Many of us have heard the popular quote, “You are what you eat.” Actually, the original quote was written by an 18th century French politician called Anthelme Brillat-Savarin and it read, “Tell me what you eat, and I will tell you what you are.”
Just over a hundred years ago, when naturopathic medicine came into existence in the United States, naturopathic practitioners used diet along with other methods to treat their patients. Developed by a man called Benedict Lust in New York, Naturopathic medicine became popular and widely available throughout the United States well into the early part of the 20th century. In 1920, there were many naturopathic medical schools, thousands of naturopathic physicians, and thousands of patients using naturopathic therapies around the country. By the 1950’s, conventional medicine and the discovery of ‘miracle’ drugs such as antibiotics had caused a huge decline in the popularity of natural medicine but it wasn’t to last very long.In the 1970’s people became disillusioned with conventional medicine and again there was a new surgeon favor of alternative medicine.
In essence, Naturopathic practitioners are guided by six principles:
(1) Do No Harm
(2) The Healing Power of Nature
(3) Find the Cause
(4) Treat the Whole Person
(5) Preventive Medicine
(6) Doctor as Teacher.
Of these 6 principles, diet comes under The Healing Power of Nature and Preventative Medicine, and plays a fundamental role in living a healthy and balanced life. Eating foods which are processed, full of chemicals and pesticides, laden with fat, sugar and salt, do very little to promote health and balance. On the contrary, these foods are devoid of nutrients and are high in empty calories. Why are they empty? There are very few or no nutrients in these foods, so actually when we eat them we never feel satisfied. In addition to not feeling satisfied, we also don’t gain any nutrient value from this food, so instead of feeling energized and strong, we feel weak and ready to fall asleep. In today’s society, where eating fast food has become a daily routine, we see more and more people suffering from obesity, cardiovascular disease, diabetes, cancer and other illnesses. If we take a deeper look at their diets, many of these people eat foods of very poor quality which does little to improve health or provide energy and vitality.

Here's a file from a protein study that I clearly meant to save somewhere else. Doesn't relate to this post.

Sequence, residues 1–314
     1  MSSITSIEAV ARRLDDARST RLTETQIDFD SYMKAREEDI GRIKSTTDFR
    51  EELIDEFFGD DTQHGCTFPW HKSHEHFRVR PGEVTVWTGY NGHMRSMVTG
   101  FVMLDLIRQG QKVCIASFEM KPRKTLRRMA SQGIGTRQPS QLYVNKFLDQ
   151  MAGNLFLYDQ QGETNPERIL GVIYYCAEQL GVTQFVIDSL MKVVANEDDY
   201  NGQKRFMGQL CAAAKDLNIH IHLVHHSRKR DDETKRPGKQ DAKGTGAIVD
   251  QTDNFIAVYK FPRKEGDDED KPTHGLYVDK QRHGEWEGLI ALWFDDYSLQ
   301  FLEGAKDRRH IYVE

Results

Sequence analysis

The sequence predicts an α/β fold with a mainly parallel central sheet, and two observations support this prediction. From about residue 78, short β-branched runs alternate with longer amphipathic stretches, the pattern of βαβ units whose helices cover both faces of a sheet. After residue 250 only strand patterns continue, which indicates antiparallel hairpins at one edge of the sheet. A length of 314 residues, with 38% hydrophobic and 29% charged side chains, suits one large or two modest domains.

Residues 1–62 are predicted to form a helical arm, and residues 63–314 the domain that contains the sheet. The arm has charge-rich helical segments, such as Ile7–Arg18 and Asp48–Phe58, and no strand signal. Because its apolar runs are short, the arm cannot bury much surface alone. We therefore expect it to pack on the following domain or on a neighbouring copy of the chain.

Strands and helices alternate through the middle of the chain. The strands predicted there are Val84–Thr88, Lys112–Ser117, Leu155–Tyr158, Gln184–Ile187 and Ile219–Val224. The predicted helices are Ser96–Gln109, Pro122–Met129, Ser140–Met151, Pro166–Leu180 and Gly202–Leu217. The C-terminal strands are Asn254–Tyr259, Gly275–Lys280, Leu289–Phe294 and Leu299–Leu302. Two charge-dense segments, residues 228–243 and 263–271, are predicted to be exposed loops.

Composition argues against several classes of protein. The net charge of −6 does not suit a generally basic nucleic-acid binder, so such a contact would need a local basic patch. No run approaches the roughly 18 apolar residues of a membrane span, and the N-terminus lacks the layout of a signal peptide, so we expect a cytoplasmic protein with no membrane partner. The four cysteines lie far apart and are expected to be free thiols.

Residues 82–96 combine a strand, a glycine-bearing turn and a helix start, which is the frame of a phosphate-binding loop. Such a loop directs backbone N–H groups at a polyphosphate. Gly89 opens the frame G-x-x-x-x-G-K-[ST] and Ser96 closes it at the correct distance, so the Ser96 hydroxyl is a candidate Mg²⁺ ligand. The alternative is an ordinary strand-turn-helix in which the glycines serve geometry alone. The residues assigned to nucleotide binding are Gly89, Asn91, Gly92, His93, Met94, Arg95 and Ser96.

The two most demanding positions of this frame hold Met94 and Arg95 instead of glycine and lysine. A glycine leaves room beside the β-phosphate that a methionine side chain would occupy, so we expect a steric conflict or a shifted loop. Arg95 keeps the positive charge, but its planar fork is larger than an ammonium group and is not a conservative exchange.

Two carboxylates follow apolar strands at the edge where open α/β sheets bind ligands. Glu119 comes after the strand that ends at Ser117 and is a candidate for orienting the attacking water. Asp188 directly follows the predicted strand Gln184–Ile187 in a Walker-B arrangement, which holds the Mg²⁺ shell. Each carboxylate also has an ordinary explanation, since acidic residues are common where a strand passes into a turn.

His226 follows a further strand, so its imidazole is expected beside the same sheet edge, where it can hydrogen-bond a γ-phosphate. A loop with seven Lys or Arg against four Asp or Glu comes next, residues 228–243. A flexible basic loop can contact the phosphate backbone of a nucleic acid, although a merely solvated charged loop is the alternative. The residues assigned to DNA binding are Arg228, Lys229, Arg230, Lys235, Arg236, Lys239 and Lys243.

Although there are a few exceptions, fast food usually equates to food made from inferior quality ingredients, high in (empty) calories and with very few or no nutrients. The table here shows countries with more fast food transactions per year, with the US, Australia, New Zealand and UK amongst the highest and Switzerland, Italy, Belgium and France among the lowest. Given this data, it is not surprising to see the large number of fast foodchains in America such as KFC, McDonalds, Burger King, In & Out Burger, Jack in the Box, Denny’s, Taco Bell, Del Taco, Pizza Hut, Wendy’s, Dairy Queen, Carl’s Junior, Arby’s, Subway, Quizno’s, Chick-Fil-A, Panda Express, and Starbucks.
Nutritional Difference between a homemade versus Taco Bell Burrito
While both burritos have 420 calories, the home-made burrito contains more nutrients for the same amount of calories.
Dietary Fiber: 6g versus 10g
Protein: 11g versus 17g
Calcium: 15% vs 25%
Total Fat: 17g versus 13g
Sugar: 4g versus 2g
Although this example is not perfect, I feel that it demonstrates how choices are really important. Eating a diet of whole or minimally processed foods such as grains, legumes (including beans and lentils), vegetables, fruits and nuts can ensure we getthe most nutrients, vitamins and minerals our bodies need to function properly.
In addition to diet, when making the decision to live a healthy and balanced life, other factors should be considered including regular physical exercise, adequate sleep, reduction in stress and balance in our lives and our relationships with others.
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